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Mediocre History, 24 November 2012

History that in no way challenges any of the accepted conceits of 2012. Which really is a shame. Decent popular history should show us that those ideas we always took for granted as to how and why thing happened in the past are very likely quite wrong. And what if the conventional wisdom is correct? Well, it really never is- conventional wisdom is the result of popular misconceptions and other filters, real history is always more nuanced and complicated than even well written history, let alone popular convention.

Good popular history challenges our preconceptions. Instead, in the case of "The Men who Built America" we get a one dimensional reality; The story of the men who, while helping to build the country, created a series of evil empires that were finally brought down once and for all, and for the good of the common man, by the efforts of certain politicians. Fair enough. A good start. But when you are given a couple hours for each of five American icons, it would be better if the producers could have shown us how much of the reality went against the narrative presented here.

Instead of presenting the public opprobrium against Standard Oil as springing solely from Rockefeller's sins against the working people, it would have been more accurate to show that the victims were seen as the small, independent businessman, not the worker who was treated as badly under them as under Rockefeller. In fact, I may have missed it, but how can one show the story of Rockefeller without a mention of Ida Tarbell?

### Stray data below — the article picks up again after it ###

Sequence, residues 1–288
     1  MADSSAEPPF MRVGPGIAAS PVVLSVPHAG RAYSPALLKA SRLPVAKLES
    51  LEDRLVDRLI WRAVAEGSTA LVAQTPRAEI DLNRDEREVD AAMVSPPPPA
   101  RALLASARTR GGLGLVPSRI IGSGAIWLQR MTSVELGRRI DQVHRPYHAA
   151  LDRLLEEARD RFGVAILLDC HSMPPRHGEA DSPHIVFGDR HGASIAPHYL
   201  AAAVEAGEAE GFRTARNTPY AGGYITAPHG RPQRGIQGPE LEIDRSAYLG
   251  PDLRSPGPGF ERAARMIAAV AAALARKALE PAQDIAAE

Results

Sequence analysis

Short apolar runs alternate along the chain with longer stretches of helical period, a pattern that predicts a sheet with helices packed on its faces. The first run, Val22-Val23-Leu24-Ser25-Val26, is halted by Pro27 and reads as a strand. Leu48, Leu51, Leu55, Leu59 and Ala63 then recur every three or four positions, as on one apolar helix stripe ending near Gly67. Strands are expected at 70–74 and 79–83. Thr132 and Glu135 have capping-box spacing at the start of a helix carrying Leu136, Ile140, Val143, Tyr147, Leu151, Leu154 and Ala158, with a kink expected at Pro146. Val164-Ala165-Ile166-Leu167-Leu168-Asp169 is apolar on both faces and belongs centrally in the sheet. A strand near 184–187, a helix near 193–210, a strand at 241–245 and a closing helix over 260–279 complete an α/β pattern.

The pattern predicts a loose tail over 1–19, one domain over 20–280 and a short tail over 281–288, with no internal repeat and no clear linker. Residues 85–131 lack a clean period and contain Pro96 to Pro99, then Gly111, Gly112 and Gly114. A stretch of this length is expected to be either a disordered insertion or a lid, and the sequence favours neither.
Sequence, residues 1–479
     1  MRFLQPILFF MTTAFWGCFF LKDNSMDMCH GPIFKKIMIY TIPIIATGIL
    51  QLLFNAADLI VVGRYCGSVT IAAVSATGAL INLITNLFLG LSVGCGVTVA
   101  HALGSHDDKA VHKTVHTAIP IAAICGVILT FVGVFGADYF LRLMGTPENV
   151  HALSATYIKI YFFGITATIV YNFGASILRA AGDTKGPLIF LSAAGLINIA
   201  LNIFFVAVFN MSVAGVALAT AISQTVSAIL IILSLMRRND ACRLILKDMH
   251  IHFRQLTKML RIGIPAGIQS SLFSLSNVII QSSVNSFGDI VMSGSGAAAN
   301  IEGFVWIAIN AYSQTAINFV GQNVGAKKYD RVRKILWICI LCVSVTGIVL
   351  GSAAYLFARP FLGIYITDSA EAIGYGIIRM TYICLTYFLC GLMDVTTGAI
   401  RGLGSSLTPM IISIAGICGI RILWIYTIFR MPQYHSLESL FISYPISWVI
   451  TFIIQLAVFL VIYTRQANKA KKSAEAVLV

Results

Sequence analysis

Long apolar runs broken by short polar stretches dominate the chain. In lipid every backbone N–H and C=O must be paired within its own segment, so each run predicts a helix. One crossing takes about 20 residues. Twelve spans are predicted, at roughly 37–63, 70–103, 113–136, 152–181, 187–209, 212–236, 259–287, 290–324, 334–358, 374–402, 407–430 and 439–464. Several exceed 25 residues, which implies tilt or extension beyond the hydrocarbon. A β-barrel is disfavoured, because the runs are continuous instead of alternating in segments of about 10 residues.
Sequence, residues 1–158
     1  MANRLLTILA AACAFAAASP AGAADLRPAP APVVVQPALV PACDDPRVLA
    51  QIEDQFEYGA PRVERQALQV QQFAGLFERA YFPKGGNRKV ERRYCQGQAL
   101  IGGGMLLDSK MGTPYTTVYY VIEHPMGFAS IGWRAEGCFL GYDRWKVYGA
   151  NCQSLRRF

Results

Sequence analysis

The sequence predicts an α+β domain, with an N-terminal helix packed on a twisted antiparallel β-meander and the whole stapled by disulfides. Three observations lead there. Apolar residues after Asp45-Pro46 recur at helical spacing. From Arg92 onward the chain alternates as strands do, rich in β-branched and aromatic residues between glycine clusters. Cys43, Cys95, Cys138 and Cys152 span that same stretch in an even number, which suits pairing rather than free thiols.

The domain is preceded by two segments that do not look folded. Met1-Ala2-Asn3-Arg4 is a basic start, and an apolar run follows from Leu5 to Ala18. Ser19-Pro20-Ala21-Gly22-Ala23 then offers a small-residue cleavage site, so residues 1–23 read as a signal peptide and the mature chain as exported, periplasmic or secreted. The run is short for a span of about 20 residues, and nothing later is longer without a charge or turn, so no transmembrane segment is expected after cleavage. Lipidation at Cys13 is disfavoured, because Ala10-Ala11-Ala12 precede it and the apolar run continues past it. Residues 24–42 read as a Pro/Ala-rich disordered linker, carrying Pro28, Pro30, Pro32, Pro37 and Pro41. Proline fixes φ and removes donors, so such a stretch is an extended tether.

The story of Morgan seemed to be more than a bit off in the attempt by the writers to neatly shoehorn JP Morgan into the rest of the narrative. I am sure that his life was intertwined with the industrialists in many ways, but I think that Morgan and his ilk stood somewhat apart from the industrialists, keeping his people on their boards only to safeguard the investments that were made. Morgan and how he made money, was nearly entirely separate from the industrialists and is interesting in its own right.

All in all, its a pretty fair show, given the typical History channel fare. At least its not Ancient Aliens. And accurate enough, I guess, except for the section on Morgan which I think badly distorted how he really was important to our history. But in giving us the most bland, vanilla version of the events it was another wasted opportunity by the History Channel.